Environmental factors also have a significant effect on the kinetic rates of denitrifier growth and nitrate removal. Temperature, pH, carbon concentration and substrate concentration are considered below. A combined kinetic expression considering factors that affect denitrification is proposed.
As in the case of nitrification the Monod Kinetic, equation (4.28), has also been proposed to explain the rate of conversion of nitrate to nitrogen gas, by several investigators, for example Henze and Harremoes (1972) and Moore and Schroeder (1970).
HD = growth rate for the denitrifier, day"1.
hnax.D = rriaximum growth rate for the denitrifier, day"1.
Sdenjt = concentration of substrate to be denitrified (nitrate nitrogen) in mg/l.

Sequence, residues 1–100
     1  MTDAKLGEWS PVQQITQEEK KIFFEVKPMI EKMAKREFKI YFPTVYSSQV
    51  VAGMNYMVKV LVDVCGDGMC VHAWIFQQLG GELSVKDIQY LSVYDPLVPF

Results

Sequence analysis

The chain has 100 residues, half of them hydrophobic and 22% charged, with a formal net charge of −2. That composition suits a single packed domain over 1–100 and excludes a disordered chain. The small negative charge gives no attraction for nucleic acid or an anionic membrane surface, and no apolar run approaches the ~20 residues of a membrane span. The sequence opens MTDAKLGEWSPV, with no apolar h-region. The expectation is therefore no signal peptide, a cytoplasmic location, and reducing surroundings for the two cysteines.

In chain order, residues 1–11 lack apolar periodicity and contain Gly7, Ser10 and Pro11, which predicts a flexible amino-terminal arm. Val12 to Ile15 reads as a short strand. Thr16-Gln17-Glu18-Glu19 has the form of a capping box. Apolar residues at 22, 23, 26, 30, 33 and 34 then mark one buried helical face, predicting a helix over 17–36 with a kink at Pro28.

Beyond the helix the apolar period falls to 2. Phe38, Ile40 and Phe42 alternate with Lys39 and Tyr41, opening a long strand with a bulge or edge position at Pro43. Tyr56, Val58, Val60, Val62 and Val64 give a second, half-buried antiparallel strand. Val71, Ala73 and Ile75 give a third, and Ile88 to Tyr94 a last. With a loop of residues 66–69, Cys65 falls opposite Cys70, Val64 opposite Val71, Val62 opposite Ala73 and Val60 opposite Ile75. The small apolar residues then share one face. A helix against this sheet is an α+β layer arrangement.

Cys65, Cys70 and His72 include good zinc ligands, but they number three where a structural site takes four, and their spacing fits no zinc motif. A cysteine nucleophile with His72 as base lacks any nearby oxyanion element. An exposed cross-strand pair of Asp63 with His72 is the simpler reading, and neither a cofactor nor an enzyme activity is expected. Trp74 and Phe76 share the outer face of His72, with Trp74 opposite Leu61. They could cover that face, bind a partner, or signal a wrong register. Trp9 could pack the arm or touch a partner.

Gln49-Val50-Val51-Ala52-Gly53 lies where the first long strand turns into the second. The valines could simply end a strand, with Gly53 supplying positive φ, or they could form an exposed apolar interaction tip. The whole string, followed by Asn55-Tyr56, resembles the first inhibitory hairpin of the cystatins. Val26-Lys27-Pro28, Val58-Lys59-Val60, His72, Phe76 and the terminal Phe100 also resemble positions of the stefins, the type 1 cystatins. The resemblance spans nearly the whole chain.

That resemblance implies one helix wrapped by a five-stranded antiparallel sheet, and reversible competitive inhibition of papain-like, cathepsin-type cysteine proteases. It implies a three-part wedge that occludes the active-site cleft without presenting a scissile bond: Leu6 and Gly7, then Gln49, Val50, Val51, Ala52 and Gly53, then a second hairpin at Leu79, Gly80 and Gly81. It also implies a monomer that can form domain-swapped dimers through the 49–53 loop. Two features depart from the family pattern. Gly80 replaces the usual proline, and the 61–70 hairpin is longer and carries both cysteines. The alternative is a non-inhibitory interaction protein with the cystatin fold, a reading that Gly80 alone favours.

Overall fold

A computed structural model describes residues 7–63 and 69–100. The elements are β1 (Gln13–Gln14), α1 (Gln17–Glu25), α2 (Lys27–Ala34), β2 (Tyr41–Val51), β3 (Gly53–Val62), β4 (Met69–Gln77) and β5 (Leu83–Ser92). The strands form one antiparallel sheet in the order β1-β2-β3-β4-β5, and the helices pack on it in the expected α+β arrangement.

Kd = saturation constant mg/l nitrate nitrogen.
Even though the Monod Kinetics is used by several investigators to explain the denitrification, the suspended denitrification process with methanol as carbon source is often described in the literature as zero order with respect to nitrate and methanol. The equation used in following this approach is presented as (4.36).
Denitrification filters appear to conform very well to the laws of biofilm kinetics. Because of the low saturation constant, Ks < 1 mg N03" -N / liter, the intrinsic reaction in the biofilm is zero order. This becomes a half-order reaction in thick biofilms owing to diffusional resistance in the biofilm. Where the substrate concentration in the bulk liquid is high enough, the biofilm is penetrated fully, and the overall process becomes zero-order (Harremoes 1982).
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